In The News
Latest Books and Biography
The Pineapple Anthology of Florida Writers
This is the first in a series of collections of fiction and nonfiction about Florida by legendary writers who came here—some to escape the chilly North, some to find freedom, and some to investigate what the fuss was all about. From Audubon in 1834 to Dave Barry in 1990, these writers reveal Florida’s natural beauty and her residents’ human foibles. In poetry, John Greenleaf Whittier exposes our shameful slave-holding past, and Elizabeth Bishop extols our turtles and sandbars and tropical rain. Jules Verne shoots a moon rocket off from Tampa, and Hunter Thompson delivers up his own gonzo brand of journalism in a story of marine salvage in the Keys. Hemingway rants about the government’s laxity in the face of tragedy, while Harriet Beecher Stowe offers some advice on the time-honored practice of buying land in the Sunshine State.
Orlando, Florida: A Brief History
Most Americans only think of theme parks when they think of Orlando. But the city has a rich history as a cattle center--complete with rustlers--the nation's citrus center, and finally the top tourist destination in the United States. This book captures the spirit of a town that began with log cabins and slowly grew though become a major city. The book tells the story of what was once known as the Magic City.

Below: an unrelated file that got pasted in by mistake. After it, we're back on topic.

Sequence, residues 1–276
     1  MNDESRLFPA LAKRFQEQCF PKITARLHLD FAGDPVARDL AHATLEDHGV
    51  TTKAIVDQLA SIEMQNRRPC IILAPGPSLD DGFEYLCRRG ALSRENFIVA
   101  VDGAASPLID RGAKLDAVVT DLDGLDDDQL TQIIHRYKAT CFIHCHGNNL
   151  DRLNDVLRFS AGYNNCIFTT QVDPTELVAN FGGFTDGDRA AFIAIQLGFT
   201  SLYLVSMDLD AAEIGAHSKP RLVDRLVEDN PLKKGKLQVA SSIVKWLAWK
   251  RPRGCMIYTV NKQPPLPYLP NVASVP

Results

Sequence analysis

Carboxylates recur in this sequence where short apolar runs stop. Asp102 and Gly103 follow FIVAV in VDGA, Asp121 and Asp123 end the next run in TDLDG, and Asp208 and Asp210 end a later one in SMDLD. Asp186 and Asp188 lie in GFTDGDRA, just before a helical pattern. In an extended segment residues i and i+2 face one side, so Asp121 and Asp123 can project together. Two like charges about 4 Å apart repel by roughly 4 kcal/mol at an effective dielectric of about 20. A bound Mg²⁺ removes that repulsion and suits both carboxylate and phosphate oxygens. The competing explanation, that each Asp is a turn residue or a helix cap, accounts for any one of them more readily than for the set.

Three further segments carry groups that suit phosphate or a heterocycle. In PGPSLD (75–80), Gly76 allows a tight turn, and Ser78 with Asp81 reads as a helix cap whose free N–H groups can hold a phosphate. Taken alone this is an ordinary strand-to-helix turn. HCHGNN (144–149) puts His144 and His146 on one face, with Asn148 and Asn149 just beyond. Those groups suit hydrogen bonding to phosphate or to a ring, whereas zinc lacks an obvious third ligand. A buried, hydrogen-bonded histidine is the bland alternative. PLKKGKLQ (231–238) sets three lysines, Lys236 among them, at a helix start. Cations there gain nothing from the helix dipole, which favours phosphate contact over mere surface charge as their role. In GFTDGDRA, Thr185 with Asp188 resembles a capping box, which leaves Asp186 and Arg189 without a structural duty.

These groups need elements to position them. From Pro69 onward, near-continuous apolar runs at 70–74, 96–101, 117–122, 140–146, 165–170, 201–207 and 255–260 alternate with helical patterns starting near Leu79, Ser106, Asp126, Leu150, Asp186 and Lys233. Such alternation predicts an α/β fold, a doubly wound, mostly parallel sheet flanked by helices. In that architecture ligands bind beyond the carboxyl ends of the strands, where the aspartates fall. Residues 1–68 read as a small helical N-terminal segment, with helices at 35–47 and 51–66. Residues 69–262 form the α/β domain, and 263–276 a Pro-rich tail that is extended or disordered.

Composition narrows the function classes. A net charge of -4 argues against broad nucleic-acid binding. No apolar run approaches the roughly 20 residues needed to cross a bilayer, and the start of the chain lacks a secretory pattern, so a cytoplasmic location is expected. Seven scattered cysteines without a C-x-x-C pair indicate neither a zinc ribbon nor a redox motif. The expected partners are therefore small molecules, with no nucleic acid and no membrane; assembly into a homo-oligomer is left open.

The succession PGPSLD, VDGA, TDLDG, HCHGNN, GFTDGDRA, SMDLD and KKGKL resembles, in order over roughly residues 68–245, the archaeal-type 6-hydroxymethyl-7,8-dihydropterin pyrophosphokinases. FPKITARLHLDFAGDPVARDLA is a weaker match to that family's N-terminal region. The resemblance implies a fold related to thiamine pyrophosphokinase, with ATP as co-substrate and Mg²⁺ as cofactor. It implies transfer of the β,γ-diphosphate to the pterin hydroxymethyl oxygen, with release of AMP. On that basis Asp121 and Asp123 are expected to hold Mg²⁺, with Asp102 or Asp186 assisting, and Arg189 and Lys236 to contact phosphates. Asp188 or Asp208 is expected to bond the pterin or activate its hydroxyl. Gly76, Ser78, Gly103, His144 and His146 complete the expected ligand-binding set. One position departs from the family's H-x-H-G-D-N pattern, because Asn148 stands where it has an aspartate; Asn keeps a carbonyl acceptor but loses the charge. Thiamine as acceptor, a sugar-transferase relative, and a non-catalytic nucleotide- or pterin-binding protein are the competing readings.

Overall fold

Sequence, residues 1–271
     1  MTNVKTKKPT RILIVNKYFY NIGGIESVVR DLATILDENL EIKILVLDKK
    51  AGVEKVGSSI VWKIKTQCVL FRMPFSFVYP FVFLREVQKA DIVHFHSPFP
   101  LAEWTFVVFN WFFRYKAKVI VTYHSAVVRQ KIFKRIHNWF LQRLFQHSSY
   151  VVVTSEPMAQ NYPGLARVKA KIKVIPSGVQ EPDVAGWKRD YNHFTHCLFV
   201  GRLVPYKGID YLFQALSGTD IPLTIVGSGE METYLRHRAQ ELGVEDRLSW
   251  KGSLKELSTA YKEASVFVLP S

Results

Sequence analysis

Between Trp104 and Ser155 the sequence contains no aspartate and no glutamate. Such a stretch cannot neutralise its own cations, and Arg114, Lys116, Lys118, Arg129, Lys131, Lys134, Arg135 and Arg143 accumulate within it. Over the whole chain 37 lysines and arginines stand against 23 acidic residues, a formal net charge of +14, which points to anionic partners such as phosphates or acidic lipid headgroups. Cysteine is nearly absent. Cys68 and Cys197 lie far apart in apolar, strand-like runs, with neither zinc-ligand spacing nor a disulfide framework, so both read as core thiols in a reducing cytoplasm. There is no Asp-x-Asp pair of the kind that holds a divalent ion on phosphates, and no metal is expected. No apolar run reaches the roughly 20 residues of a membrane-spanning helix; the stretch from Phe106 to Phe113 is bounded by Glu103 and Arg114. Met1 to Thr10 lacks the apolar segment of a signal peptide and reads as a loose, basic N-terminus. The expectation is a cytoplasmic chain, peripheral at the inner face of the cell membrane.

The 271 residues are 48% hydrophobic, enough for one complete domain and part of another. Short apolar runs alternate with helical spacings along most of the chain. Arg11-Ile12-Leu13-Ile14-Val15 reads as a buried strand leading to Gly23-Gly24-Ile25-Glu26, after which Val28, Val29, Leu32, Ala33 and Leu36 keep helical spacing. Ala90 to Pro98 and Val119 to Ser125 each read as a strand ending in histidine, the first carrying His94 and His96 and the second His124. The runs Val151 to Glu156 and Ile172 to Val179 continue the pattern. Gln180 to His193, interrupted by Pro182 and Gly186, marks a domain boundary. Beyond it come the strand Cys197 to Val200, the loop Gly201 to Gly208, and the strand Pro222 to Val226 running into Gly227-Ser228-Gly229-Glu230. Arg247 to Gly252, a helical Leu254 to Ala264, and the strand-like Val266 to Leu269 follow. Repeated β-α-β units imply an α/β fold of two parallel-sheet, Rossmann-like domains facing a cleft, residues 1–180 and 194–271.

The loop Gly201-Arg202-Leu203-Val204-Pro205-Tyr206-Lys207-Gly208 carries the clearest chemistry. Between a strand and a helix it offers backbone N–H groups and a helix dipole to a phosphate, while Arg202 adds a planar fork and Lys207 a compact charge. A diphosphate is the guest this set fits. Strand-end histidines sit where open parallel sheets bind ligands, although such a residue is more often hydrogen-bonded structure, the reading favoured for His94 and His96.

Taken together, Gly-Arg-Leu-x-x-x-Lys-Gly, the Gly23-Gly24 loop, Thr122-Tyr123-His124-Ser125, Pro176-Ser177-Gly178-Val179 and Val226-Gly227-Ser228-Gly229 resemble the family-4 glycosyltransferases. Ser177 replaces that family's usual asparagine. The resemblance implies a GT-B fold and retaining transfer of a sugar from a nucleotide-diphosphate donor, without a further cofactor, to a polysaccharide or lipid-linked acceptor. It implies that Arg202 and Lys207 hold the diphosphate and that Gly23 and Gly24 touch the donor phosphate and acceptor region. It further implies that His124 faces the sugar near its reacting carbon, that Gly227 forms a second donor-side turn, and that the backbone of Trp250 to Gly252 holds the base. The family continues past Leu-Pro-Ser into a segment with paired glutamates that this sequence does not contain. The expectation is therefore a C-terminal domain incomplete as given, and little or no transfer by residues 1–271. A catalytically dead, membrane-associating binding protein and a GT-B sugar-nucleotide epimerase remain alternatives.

Presidents in Florida
U.S. Presidents have played a major role in shaping Florida, whether waging wars, protecting the environment, seeking votes, or just drawing media attention to the state attractions. Andrew Jackson came to fight Indians. Abraham Lincoln came up with the plan to get Florida back into the Union in 1864 to help his reelection chances. Ulysses S. Grant came to promote steamships on the St. Johns River. Regular visitors have included Calvin Coolidge, Herbert Hoover, Franklin Roosevelt, Richard Nixon, and John F. Kennedy. Harry Truman had a house in Key West.
Red Pepper and Gorgeous George
The campaign that changed everything in Florida
“In this important and insightful work, Clark does much to separate myth from reality in the pivotal 1950 Florida Senate race that shaped state and national politics for decades to come. Red Pepper and Gorgeous George captures the drama, controversy, and chicanery of one of America’s most memorable elections. A must-read for anyone interested in Florida and southern history.”
—Keith M. Finley, Southeastern Louisiana University
Book published by University Press of Florida
Jim Clark was born in Washington, D.C. He began his journalism career with ABC News in Washington as a copyboy before joining United Press International as a reporter. He worked for the Columbia (S.C.) Record, Tampa Tribune, Orlando Sentinel, Raleigh News & Observer and for the Associated Press in Charlotte and Philadelphia. He has been honored with the George Polk Award, Numerous awards from the Florida Society of Newspaper Editor, The Gerald Loeb Award and the Sigma Delta Chi Award. He is a graduate of Lenoir-Rhyne College, received his M.A. from Stetson University and holds a doctorate from the University of Florida. He joined the history faculty at the University of Central Florida in 1987. He is the author of six books and has written for The Washington Post, Washington Star, Washington Monthly, The Nation, and Miami Herald.